It was a popular route where Agholor ran an in cut from the wide receiver position while Mathews ran a fade v Wade. The timing between Matthews and Wentz was not good. It was a play that everyone at every level runs and a good throw beats the coverage in most cases. Mathews was able to reach up with his right hand and make a good effort to make a sensational catch but it was not the case. One play separated the Birds from finishing the first half of the season 5-3 v 4-4, and winless in three tries in the NFC EAST.

I revisited a week-nine loss to Big Blue to show why the Eagles are better today in mid-June than they were in the beginning of November last season. They had four tries to make a play to win a huge game last year and came up empty on all four tries.

Just the signing of Alshon Jeffery gives Carson a better option today than anyone the Birds had on the field last season. Having a better option to throw to to win a game makes Pederson, and Wentz better. Spags, like most DC’s, are not going to sit back in the situation and allow a quarterback time to survey the field. He is going to force the QB to make and instant decision and live with it. Jeffries has made a nice living, when healthy, of winning in those types of situations.

Adding the speed that Torrey Smith has makes guys like Spags leery of blitzing six or seven guys in pressure situations because one mistake with no safety help can result in easy home runs for the offense. He also keeps at least one safety a little deeper than they usually like to play because of the deep threat.

Eager and ready to learn is rookie fifth-round pick, Shelton Gibson from West Virginia.

When I announced one of his very first games in 2014, as a freshman, I thought he had first round potential all over him.

He possessed great speed and the ability to hang in the air chasing balls that were thrown high. After an average career at West Virginia, he had a rather disappointing combine workout in Indianapolis that resulted in his stock dropping. Some guys test well and Indy and are overrated as a result; while others underwhelm and their stock drops.

I think Gibson is a guy that plays faster than he ran and by mid-season I expect him to make a contribution on Sundays. Meanwhile the additions of these 3 players should drive the competition with holdovers to squeeze the most possible from Agholar and DGB.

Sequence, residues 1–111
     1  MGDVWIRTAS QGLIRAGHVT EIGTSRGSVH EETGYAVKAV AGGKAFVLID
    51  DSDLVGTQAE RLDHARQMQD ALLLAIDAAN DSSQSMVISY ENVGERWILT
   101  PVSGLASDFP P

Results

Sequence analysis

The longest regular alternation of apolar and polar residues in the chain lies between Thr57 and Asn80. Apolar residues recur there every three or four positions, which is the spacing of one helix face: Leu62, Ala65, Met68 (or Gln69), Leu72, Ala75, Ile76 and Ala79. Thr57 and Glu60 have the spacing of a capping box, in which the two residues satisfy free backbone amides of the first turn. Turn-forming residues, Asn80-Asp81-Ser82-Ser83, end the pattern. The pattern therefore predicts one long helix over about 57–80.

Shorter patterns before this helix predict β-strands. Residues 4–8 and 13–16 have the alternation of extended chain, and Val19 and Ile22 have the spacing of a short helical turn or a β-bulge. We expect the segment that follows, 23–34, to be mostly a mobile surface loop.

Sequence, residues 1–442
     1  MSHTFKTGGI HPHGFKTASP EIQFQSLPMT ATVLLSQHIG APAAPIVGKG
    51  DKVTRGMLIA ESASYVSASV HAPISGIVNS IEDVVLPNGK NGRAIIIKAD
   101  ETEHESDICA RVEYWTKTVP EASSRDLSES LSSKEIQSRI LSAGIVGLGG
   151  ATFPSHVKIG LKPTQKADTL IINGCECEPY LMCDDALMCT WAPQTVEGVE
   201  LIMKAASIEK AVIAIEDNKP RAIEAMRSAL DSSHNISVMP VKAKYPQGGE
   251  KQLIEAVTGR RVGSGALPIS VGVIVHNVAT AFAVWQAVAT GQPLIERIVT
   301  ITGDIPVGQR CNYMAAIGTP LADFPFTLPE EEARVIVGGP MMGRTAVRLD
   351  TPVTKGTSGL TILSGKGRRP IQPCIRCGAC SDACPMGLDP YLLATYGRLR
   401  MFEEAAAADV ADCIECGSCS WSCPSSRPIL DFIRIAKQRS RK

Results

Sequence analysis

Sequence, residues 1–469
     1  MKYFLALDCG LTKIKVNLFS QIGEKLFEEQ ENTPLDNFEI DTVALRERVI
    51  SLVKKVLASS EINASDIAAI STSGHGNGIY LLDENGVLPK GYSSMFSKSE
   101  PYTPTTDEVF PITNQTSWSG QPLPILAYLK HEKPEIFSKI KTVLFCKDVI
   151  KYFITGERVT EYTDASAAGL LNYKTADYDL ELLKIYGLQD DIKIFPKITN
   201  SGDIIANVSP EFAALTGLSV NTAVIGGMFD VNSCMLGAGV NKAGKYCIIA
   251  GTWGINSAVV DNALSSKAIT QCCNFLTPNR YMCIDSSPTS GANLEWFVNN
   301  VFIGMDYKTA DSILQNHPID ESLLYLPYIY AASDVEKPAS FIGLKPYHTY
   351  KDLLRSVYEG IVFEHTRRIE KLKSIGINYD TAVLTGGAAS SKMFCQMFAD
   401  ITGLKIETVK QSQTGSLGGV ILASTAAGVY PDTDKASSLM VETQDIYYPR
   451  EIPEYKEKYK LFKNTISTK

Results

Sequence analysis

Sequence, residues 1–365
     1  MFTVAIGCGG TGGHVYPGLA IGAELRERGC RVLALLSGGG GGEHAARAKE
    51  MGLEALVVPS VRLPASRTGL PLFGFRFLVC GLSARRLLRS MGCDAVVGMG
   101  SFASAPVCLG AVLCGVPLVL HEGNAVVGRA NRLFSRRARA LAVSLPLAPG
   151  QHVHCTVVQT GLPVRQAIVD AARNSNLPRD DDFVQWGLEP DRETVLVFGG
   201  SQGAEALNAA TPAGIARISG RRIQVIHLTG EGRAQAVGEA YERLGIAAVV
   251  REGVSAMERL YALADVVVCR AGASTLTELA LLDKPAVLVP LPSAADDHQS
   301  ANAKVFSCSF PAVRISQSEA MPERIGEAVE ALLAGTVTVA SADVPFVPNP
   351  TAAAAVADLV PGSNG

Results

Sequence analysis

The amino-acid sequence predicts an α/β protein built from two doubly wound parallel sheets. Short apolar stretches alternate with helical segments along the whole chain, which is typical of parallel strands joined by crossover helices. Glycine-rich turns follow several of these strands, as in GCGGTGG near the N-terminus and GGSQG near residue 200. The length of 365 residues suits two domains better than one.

Two fourth round picks are interesting to see how and when they will contribute. Both Hollins and Pumphrey have real skills but one never knows how soon a true rookie will be ready to contribute knowing there are mistakes to be made but will those mistakes be egregious enough to take off the field in crunch time.

Perhaps the biggest addition was the final addition to this offense. LeGarrette Blount had a tremendous season last year where he had 299 carries and 18 touchdowns. He is a volume carrier whereby the more touches he gets the better he gets. He is a large man that has obvious power but can get to top speed pretty quickly. They needed a starting running back with real power. This quality keeps him on the field in all short yardage situations and goal line tries. Sproles, Smallwood and Pumphrey can all play the role of change of pace back.

The result of these additions will often be referred as Wentz’ Weapons.

Wentz should be better with better talent around him, while Pederson the play caller should also get better because he has better options to call plays for.

Ultimately, there will be games that will come down to final possessions. If you find ways to win those games because you have better talent then this was a good off-season. But if they still squander opportunities from the 17 yard then what they have added won’t be that monumental.

What Howie/Douglas/Weidl have said since the end of Wentz’ rookie campaign is that “we will never stop building around Carson.” It’s a sound philosophy, and a plan that has been well executed this off-season. Now it’s time to start building the team around the additions of Wentz’ Weapons that hopefully result in more wins in 2017.

16 Jun 17 - Eagles, Football, Football Training, NFL - Brian Baldinger - No Comments